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  1. #11
    Banned
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    Feb 2012
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    Bournemouth UK
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    Okay having read the thread I think you guys are talking about how you perform a rep and there are different ways to perform rep which achieve different things

    Sorry If I am way of the mark here, if I understand correctly then I am interested in learning more. Please can you send me a link to an article that explains the variations in layman's terms.

  2. #12
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    ^ Thanks for the explanation.

  3. #13
    Experienced Member
    Join Date
    Nov 2010
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    9
    I definitely hear what you are saying about age. I'm 42 and have been training since early high school. What I found is than most of what I was taught - friends, coaches, college etc is essentially incorrect.

    I make the greatest gains when I alternate between an accumulation and intensification phase. Going back to a previous discussion, volume and intensity (strength) are inversely related. During an accumulation (mass) phase I use something like 4 sets of 8-12 reps per exercise at 60-82% of 1RM, 5-6 exercises. We adapt to a routine in 6 sessions, so after 3 weeks I move to an intensification routine. This is about 5 sets of 2-6 reps 85%+ 1RM, 5-6 exercises. After 6 sessions go back to an all new accumulation routine.

    Practically you don't go up 2% every training session - primarily because I'm not a robot and I have a life. Nutrition, rest, motivation etc all need to be per plan. When those are followed and gains aren't made I know something is wrong. For me it's usually over training or not eating properly. I take an extra day or so off and things fall back in line.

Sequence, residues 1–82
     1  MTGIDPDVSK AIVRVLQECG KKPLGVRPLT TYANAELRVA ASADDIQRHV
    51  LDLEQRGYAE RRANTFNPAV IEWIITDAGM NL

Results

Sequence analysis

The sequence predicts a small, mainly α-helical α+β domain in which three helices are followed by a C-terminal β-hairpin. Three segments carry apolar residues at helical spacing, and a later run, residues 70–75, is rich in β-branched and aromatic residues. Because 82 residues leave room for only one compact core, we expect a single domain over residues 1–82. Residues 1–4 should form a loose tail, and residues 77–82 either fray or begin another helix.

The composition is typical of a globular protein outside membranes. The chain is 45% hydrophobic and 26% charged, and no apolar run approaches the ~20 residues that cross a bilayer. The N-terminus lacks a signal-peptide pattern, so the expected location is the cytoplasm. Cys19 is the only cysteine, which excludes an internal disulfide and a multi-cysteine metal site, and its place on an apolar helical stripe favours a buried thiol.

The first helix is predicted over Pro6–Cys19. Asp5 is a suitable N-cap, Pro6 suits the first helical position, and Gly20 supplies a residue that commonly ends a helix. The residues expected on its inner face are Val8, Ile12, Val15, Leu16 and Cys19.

Lifting in an over trained state sets us up for illness and increases the probability of injury. Some lifters make great progress on your schedule. Others may have a different frequency for each muscle group. The point is that recovery time should be programmed and is individualized. Find your optimal recovery period for each muscle group and you will increase faster. The only way to make this determination is to analyze training logs, rest, nutrition etc...

  4. #14
    Experienced Member
    Join Date
    Nov 2010
    Posts
    9
    I take issue with you on adaption. Adaption occurs in approximately 6 training sessions when a proper periodized program is followed. As soon as adaption occurs, progress stops. It can occur more quickly with with the correct loading parameters and trained athletes.

    Using your criteria above for Beginner and Elite, a beginner using the same program for more than a day or so will adapt and growth with stop. We know that's not true. Beginners usually show impressive gains for the first 6 weeks or so, even with moderately sophisticated programs. Using your criteria for elite class, the athlete would be able to use the same program for months on end (same weight, reps, rest, tempo) and continue to make gains.

    Training exposes the muscular-nervous system to additional stress. We respond by attempting to adapt the the additional loading. Once adaptation occurs, there is no need to make additional progress. To deal with adaptation, we can change reps, sets, rest, tempo, frequency of training - even hand position. For example, on a dumbel offset bicep curl, using an offset grip (thumb touching the inside plate) is enough to deal with adaption (for six sessions).

    One more point - during a lift there is an agonist and antagonist working simultaneously. If you are working the bench press and your external rotators are not capable of lifting approximately 10% of the bench weight, then then you will hit a plateau, even if your pecs and triceps are appropriately strong. Working the agonist/antagonist in a super set helps.

    I usually super set
    quads/hams
    chest/back
    biceps/triceps

  5. #15
    Experienced Member
    Join Date
    Nov 2010
    Posts
    9
    Jason:

    [url]www.charlespoliquin.com[/url]

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